British Writers,Artists & Academics Condemn New Visa Rules:

The growing outrage over the Labour Government’s PBIS (Points Based Immigration System) has now spread far beyond the UK’s ELT (English Language Teaching) sector. On 17th March – two weeks after the meeting in the House of Commons between furious private language school Principals and sympathetic Members of Parliament (MPs) – a “Visiting Artists and Academics Petition” was delivered to 10 Downing Street, Prime Minister Gordon Brown’s official residence. Organised by the Manifesto Club, it contained over 10,000 signatures – including those of many  prominent personalities from the country’s cultural scene such as Sandy Nairne (Director, National Portrait Gallery). Janet Suzman ( Actress & Director), Helen Sainsbury (Manager, Tate Modern), Michael Bogdanov (Theatre Director) and Alan Sillitoe (Writer). The objective was to make “ a collective affirmation of the value of international exchange in ideas and art” and to publicise the most notable instances ofoverseas performers, lecturers, authors and painters “ who have been shut out of the UK by these close-minded rules”.

Among the extensive range of  examples  were: Chinese artist, Huang Zu, refused a visa to attend the opening of his own exhibition at London’s October Gallery; Russian Film Director Evgeni Tsymbal, denied entry to give university lectures even though he has won BAFTA (British Academy of Film and Television Arts) awards; Mexican musician Marina de Ita, who afterwards stated that – prior to being rejected – she had been “treated really badly, under investigation for around twelve hours, enclosed in a room with people considered suspicious. We were all just from Latin America, Africa or Asia”.

A Manifesto Club dossier entitled “UK Arts And Culture: Cancelled, By  Order Of The Home Office” (www.manifestoclub.com/files/UKArtsCancelled.pdf) emphasizes the “extreme difficulty” now facing festival organisers, jazz , salsa & tango clubs and community theatres who want to invite  non-EU performers. UK universities are facing similar problems when attempting to arrange international lecture series. Iwona Blazwick OBE , Director of  London’s Whitechapel Gallery, considers that “The barriers these regulations present to artists from around the world will have a terrible effect  on Britain’s  reputation as an international centre for the arts”. VAGA (The Visual Arts and Galleries Association) is concerned that the Home Office restrictions “will be particularly detrimental to artists from developing countries”. Joan Bakewell, a well-known British TV presenter and journalist has pointed out in ‘The Times’ newspaper that the UK’s role as “ a global hub for arts activities” could be severely damaged: “It is here that international artists come to perform, meet each other and to share cultures”.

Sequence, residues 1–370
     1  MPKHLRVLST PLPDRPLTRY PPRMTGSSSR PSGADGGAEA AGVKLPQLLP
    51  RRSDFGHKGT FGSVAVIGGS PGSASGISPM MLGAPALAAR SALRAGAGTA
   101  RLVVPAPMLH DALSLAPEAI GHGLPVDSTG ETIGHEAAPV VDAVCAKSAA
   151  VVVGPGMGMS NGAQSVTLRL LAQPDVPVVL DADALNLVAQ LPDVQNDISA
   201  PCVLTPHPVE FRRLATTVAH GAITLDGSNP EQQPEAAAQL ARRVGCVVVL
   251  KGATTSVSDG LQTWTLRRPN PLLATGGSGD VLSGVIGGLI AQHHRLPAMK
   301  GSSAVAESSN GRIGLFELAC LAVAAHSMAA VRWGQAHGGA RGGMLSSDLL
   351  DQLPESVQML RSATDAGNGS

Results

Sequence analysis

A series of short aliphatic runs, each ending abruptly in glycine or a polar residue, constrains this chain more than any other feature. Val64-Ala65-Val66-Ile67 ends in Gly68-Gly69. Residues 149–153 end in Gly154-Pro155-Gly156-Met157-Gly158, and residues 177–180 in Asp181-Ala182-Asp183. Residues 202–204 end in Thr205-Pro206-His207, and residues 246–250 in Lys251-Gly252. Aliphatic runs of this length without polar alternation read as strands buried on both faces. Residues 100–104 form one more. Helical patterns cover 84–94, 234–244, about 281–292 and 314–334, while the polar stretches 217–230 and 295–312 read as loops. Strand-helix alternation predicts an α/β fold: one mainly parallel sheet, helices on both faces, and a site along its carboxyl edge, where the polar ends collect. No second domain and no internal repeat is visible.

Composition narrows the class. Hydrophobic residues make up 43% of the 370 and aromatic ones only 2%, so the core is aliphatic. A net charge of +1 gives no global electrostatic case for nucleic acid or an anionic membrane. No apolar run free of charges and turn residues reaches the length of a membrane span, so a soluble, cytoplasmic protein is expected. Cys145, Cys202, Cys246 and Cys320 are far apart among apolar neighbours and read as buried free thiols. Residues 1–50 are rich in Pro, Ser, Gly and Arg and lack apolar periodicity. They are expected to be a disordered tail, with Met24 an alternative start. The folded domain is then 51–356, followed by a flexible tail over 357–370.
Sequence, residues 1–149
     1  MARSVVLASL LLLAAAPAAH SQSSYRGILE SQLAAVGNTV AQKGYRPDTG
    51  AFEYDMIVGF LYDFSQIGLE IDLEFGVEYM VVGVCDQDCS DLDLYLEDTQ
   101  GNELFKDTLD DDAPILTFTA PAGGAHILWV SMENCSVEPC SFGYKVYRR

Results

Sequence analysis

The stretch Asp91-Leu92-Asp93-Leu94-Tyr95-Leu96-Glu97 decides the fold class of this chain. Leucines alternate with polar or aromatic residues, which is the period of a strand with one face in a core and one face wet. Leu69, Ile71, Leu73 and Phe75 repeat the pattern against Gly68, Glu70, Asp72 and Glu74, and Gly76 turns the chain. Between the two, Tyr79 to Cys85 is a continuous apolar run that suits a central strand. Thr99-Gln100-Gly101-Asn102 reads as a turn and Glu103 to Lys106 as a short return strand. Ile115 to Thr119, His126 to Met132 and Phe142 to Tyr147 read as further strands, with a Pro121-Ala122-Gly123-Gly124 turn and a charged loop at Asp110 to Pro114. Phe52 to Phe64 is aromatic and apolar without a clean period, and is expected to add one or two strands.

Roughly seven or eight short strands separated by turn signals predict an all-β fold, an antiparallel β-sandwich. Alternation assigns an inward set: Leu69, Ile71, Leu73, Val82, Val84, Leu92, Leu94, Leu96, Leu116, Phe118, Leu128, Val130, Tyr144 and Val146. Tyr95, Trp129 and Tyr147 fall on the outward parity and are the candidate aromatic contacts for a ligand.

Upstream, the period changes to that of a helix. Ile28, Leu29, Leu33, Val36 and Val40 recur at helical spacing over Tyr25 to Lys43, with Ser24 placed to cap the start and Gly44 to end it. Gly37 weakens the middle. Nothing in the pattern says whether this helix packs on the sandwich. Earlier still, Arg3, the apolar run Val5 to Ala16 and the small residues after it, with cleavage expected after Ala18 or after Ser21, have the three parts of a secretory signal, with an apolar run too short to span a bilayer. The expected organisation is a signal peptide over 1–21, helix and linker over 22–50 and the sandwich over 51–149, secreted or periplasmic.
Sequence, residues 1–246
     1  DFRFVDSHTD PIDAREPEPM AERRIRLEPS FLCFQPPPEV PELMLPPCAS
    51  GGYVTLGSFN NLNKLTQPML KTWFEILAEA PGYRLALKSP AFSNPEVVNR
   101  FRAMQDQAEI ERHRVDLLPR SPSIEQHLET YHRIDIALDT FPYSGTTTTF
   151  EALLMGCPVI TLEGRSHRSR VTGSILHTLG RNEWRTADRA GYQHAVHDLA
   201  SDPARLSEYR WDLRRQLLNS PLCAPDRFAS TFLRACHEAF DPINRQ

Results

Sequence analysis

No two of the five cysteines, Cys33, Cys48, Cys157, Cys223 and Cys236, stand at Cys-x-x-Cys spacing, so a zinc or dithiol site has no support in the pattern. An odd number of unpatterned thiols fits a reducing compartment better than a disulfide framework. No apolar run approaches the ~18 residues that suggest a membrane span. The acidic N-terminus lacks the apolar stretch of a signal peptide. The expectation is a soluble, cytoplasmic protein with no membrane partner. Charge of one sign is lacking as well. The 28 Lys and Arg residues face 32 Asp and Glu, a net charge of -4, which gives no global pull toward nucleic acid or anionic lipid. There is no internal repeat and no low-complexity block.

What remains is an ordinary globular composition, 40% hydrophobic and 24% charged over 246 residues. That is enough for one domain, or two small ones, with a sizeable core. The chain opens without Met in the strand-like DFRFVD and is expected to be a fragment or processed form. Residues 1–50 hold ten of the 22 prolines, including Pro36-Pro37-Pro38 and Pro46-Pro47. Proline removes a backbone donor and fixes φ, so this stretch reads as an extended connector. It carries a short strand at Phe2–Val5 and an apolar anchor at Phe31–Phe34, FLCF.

All these views and more were forcibly expressed at the “Fortress UK: Closing The Door On International Artists & Academics” Conference held at the Free Word Centre in London’s Farringdon Road on March 17th. On the panel were Lisa Appignanesi ( President of the English branch of  PEN, the international writers’ organization), Manick Govinda (Head of the Artists Advisory Service), Lord Clement-Jones (Liberal-Democrat Culture Spokesman), Baroness Helena QC (Civil Rights Barrister), Josie Appleton (Manifesto Club Convenor) and Des Freedman (Secretary of Goldsmith College UCU). One option discussed was whether “direct action”(demonstrations) might be necessary to put pressure on whoever forms the next Government, to reverse the new regulations. The Students Union at Goldsmith College in South-East London  has become a focal point for the “nationally-networked” opposition to the PBIS. Their “Education Without Frontiers” event on March 18th featured speakers from “NO2ID” (Against  Identity Cards), the Joint Council For The Welfare Of Immigrants (JCWI) and the Living Wage / Justice For Cleaners Campaign.

In their “Briefing Pack” on ‘studentsnotsuspects.blogspots.com’ Goldsmiths UCU declare that the new immigration rules “frame students as suspects and turn staff ( who are  required to report absences from class) into border agents. The Home Office and the UK Border Agency are outsourcing border policing to universities”. According to Valerie Hatwich (Manifesto Club), in 2009, “ 35% of visa applications from China were rejected, 49% from India and 21% from the USA; 14,000 prospective students were still waiting in Pakistan for their UK entry permits at the beginning of the Academic Year 2009/10. Furthermore, in January 2010, 56 UK Colleges had their licences suspended but were not told the reasons or the allegations against them.”

 

Statistics quoted by Goldsmiths UCU indicate that UK Universities attract 513,570 international students each year – which translates into £2.5 billion in tuition fees plus off-campus expenditure of around £2.5 billion. “It is ridiculous to threaten this at a time when universities are facing astronomical cuts.” Goldsmiths UCU are convinced that the new regulations could have a “Long -term impact on academic freedom , democracy and the right to privacy. These laws force distrust and suspicion upon our environments. They should be scrapped”.

 

 

 

 

Filed under: Immigration & Visas, Society | Posted on March 24th, 2010 by Colin D Gordon

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